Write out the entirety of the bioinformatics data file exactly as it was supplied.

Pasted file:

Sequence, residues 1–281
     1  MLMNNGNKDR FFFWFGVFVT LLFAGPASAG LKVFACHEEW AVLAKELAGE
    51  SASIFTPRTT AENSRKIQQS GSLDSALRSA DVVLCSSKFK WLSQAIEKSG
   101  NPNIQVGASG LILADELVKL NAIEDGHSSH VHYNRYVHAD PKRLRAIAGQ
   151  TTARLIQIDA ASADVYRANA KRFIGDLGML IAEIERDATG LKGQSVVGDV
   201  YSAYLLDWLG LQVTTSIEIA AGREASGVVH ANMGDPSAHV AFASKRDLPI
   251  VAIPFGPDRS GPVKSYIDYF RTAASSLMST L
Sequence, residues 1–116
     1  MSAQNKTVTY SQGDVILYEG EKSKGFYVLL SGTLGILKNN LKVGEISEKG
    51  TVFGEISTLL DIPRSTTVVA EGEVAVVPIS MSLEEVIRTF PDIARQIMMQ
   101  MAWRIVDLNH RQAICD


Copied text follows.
Sequence, residues 1–281
     1  MLMNNGNKDR FFFWFGVFVT LLFAGPASAG LKVFACHEEW AVLAKELAGE
    51  SASIFTPRTT AENSRKIQQS GSLDSALRSA DVVLCSSKFK WLSQAIEKSG
   101  NPNIQVGASG LILADELVKL NAIEDGHSSH VHYNRYVHAD PKRLRAIAGQ
   151  TTARLIQIDA ASADVYRANA KRFIGDLGML IAEIERDATG LKGQSVVGDV
   201  YSAYLLDWLG LQVTTSIEIA AGREASGVVH ANMGDPSAHV AFASKRDLPI
   251  VAIPFGPDRS GPVKSYIDYF RTAASSLMST L
Sequence, residues 1–116
     1  MSAQNKTVTY SQGDVILYEG EKSKGFYVLL SGTLGILKNN LKVGEISEKG
    51  TVFGEISTLL DIPRSTTVVA EGEVAVVPIS MSLEEVIRTF PDIARQIMMQ
   101  MAWRIVDLNH RQAICD